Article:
Besides the dinosaur effect, there is the ego factor. People define their lifestyle with the purchase of a vehicle. In the movies, most futuristic scenarios have people driving around in electric cars that are nearly the same size and bulk. In the real world, people buy cars and trucks because of the size, or reputation for luxury. The ego factor would have to be dealt with, but most people can see their way around an ego-driven purchase. The vast majority of people would accept a rational solution to the oil crisis in the turbulent world that we live in.
The best thing about All-Electric Zones, it will not change America’s lifestyle. People will adjust a little, but they will still have the ability to zip around a city exactly the way they do now. A person wouldn’t be able to jump into a car and fantasize about driving to Alaska or the tip of Chile in five days or go from zero to sixty in nine seconds flat, at least not in the beginning. An electric car won’t make that wonderful sound as it accelerates down the road. But people will easily make minor adjustments—they always do.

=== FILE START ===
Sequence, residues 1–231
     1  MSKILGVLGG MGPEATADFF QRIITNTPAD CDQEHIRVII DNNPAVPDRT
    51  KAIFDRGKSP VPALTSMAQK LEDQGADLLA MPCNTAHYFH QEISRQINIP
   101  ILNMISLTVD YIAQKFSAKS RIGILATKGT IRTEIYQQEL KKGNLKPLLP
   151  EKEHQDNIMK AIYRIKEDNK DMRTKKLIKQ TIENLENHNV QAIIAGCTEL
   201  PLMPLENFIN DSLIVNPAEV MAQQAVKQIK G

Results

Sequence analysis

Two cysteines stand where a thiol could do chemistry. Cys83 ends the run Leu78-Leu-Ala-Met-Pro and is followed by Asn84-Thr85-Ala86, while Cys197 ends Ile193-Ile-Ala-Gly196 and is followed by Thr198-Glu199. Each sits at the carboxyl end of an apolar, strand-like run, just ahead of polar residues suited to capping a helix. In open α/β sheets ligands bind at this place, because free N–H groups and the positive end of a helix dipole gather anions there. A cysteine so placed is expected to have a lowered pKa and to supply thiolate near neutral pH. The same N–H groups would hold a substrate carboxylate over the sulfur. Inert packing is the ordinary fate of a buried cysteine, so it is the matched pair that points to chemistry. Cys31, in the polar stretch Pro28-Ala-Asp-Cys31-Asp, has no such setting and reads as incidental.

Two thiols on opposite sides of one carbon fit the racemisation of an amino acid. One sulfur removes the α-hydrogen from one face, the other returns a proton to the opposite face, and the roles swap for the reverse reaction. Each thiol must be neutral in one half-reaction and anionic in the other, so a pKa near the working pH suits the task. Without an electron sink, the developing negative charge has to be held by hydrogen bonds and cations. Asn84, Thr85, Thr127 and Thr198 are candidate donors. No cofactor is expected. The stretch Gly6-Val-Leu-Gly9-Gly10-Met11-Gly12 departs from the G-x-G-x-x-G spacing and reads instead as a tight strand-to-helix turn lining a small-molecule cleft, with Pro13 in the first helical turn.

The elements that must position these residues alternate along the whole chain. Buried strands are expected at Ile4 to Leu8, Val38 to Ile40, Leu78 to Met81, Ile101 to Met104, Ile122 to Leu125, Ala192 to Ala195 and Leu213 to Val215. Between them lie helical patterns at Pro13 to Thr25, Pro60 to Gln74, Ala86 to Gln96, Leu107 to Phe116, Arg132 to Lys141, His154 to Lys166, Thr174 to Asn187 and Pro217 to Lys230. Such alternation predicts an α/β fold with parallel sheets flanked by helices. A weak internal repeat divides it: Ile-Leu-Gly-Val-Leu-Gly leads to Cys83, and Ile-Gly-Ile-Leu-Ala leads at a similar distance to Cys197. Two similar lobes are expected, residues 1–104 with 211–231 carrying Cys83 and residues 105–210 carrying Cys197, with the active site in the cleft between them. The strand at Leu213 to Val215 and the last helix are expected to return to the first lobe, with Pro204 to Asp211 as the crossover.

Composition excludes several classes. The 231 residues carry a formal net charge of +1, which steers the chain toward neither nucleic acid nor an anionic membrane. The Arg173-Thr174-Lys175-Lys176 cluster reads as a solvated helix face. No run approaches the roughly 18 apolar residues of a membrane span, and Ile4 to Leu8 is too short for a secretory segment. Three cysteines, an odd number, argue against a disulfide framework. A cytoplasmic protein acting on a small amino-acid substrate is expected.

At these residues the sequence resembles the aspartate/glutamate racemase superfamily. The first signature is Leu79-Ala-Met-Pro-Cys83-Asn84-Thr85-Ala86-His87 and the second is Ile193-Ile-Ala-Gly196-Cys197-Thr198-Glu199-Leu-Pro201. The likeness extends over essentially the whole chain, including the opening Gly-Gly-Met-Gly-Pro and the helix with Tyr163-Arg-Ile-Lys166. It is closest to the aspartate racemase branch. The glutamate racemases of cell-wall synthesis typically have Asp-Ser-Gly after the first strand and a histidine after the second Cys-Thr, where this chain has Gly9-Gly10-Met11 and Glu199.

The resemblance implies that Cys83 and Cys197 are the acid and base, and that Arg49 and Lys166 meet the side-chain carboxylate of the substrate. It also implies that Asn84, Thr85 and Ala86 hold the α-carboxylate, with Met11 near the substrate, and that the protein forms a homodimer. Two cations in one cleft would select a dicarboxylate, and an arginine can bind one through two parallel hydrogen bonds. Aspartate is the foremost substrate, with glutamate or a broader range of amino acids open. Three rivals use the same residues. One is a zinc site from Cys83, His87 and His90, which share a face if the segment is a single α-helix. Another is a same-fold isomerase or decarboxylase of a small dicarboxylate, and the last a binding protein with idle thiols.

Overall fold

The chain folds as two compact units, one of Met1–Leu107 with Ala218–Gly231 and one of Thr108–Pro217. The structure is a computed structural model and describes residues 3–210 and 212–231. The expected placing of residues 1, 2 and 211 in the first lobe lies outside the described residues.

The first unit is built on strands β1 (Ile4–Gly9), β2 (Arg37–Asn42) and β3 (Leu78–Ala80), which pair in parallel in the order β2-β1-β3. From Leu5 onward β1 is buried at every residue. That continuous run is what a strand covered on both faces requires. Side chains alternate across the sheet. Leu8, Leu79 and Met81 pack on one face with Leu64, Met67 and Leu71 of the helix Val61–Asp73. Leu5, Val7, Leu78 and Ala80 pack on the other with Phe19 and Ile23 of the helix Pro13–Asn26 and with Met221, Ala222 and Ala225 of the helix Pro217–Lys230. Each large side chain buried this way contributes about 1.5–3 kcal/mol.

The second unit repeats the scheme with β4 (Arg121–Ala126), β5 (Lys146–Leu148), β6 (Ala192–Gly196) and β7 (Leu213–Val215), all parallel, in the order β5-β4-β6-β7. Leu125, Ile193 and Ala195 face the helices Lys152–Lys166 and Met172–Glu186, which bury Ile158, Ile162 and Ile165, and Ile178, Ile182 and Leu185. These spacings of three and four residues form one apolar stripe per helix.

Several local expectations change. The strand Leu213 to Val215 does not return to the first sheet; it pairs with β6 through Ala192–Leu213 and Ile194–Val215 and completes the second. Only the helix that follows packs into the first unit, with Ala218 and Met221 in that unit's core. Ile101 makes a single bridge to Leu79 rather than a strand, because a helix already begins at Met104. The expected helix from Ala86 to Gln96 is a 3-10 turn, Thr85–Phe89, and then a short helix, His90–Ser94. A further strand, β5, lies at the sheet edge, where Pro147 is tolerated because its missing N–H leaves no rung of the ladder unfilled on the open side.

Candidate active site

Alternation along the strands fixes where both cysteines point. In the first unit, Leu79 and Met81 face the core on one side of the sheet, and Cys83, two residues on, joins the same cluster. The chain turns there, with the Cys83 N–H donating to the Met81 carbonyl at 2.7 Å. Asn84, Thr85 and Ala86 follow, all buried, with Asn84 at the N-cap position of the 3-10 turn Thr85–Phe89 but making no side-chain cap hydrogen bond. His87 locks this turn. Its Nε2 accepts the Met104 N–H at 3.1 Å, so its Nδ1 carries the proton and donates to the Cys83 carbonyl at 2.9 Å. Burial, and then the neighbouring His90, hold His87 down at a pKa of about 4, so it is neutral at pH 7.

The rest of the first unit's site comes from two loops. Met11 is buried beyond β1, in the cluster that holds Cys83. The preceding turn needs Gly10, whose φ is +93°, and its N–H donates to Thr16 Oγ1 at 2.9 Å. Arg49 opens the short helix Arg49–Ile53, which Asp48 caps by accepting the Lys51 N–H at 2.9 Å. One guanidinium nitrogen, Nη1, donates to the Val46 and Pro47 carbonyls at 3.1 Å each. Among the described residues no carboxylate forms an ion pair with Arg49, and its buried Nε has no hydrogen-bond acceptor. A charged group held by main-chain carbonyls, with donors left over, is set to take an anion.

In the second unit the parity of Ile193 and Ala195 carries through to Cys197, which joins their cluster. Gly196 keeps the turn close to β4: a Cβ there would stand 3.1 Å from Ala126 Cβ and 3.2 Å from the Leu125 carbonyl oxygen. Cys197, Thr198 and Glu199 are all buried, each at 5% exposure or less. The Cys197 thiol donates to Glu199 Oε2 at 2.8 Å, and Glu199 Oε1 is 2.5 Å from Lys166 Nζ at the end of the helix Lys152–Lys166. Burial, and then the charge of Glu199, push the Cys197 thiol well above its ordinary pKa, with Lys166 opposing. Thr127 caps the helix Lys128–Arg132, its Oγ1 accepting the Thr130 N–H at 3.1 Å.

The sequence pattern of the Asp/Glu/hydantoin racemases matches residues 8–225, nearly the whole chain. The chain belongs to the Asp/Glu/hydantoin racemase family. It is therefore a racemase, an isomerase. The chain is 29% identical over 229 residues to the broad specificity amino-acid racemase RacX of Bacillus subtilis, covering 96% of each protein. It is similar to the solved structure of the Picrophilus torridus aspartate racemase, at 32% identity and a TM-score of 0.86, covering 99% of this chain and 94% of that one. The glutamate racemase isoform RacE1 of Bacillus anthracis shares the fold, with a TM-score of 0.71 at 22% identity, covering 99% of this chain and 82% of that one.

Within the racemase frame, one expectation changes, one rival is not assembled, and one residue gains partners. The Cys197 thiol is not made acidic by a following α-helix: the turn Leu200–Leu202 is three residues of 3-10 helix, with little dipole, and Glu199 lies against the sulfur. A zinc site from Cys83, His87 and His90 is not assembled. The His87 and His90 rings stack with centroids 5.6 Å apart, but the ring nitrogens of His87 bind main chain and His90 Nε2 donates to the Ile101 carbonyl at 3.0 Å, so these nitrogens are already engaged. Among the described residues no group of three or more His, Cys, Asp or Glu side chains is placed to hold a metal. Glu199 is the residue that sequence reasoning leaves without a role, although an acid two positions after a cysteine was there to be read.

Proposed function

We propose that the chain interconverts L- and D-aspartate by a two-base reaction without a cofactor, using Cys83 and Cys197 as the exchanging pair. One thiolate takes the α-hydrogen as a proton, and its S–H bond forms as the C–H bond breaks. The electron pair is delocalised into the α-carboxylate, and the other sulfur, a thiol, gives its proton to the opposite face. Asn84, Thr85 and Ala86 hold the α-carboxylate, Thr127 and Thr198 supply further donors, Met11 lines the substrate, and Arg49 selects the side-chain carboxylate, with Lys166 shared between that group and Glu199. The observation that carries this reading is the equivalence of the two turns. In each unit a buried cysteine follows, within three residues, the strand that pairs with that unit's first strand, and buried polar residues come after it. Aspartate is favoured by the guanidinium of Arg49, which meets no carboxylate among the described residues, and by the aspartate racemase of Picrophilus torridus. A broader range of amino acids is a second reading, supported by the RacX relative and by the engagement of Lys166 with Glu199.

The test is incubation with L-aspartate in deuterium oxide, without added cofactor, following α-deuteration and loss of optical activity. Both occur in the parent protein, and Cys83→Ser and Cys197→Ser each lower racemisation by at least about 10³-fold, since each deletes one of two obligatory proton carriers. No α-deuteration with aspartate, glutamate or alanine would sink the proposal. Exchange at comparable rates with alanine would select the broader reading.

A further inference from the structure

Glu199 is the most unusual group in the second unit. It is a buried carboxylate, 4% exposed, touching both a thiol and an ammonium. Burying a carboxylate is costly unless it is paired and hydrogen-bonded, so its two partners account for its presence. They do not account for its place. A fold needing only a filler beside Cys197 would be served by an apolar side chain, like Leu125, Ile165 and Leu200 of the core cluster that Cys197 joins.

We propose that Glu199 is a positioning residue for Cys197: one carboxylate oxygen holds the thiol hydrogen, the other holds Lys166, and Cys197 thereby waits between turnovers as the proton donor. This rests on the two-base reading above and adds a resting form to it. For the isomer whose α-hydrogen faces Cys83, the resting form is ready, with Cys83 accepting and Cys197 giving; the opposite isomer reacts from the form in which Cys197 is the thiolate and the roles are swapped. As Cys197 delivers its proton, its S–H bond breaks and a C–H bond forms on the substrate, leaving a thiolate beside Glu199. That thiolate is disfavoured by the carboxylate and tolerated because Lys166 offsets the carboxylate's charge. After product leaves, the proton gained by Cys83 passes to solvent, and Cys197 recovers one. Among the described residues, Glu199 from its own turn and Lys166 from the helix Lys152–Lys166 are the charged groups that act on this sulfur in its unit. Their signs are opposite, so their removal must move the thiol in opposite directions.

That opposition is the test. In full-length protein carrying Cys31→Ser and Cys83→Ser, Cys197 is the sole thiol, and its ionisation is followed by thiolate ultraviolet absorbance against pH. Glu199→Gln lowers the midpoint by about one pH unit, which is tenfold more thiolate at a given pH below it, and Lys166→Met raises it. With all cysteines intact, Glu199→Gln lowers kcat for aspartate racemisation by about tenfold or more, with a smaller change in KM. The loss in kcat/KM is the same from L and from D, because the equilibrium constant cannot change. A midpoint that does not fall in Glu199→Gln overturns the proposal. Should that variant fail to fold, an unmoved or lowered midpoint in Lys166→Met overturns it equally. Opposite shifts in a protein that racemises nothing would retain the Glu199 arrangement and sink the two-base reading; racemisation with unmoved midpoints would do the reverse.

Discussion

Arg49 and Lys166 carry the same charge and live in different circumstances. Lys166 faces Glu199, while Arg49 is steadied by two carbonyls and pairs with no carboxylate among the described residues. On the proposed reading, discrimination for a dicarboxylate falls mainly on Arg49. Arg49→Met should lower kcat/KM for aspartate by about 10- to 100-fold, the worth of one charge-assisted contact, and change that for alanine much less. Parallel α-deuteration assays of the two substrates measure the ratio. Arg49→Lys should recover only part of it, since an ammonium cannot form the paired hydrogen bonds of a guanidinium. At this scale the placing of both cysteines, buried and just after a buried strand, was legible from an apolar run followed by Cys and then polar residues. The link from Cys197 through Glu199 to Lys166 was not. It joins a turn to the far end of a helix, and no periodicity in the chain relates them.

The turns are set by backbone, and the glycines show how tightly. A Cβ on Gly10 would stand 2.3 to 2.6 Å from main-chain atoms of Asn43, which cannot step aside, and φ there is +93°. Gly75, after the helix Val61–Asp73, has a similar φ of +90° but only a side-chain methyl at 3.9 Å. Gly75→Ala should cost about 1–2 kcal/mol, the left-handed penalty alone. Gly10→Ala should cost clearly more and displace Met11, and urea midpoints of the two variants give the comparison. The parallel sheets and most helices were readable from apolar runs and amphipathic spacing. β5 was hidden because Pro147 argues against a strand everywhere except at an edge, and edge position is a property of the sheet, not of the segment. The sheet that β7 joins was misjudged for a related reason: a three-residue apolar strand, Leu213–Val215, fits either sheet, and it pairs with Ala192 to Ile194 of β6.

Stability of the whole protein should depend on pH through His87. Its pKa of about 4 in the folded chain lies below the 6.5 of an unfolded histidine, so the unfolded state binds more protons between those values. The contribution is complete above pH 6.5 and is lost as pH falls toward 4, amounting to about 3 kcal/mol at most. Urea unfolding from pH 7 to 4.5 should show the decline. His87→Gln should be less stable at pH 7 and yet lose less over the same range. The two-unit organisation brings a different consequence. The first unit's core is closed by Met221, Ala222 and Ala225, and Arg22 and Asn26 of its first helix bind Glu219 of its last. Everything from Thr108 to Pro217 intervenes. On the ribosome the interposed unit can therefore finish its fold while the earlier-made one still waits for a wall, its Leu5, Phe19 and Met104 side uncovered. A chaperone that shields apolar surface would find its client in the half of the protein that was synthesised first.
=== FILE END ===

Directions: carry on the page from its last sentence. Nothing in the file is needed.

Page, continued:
Solar and Wind
All-Electric Zones would require vast amounts of electricity. How to produce electricity without burning more oil, natural gas, and coal? While the CEOs of local power companies may be salivating over future ten billion dollar quarters, there is a much better solution—solar power. When people think of solar power, they think of solar panels on the roof or massive solar panel arrays, in the desert and out of sight. But people aren’t buying solar panels. They’re too expensive, installation costs too much. Even with numerous tax incentives most homeowners can’t make them pay.But not only that, at any given time:
1)20 percent of homeowners are thinking about moving up.